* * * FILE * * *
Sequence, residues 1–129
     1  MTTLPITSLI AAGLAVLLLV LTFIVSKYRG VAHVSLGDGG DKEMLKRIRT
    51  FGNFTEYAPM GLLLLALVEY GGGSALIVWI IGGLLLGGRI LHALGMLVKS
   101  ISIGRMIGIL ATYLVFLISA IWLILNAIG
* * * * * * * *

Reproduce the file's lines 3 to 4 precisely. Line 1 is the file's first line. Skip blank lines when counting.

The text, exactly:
    51  FGNFTEYAPM GLLLLALVEY GGGSALIVWI IGGLLLGGRI LHALGMLVKS
   101  ISIGRMIGIL ATYLVFLISA IWLILNAIG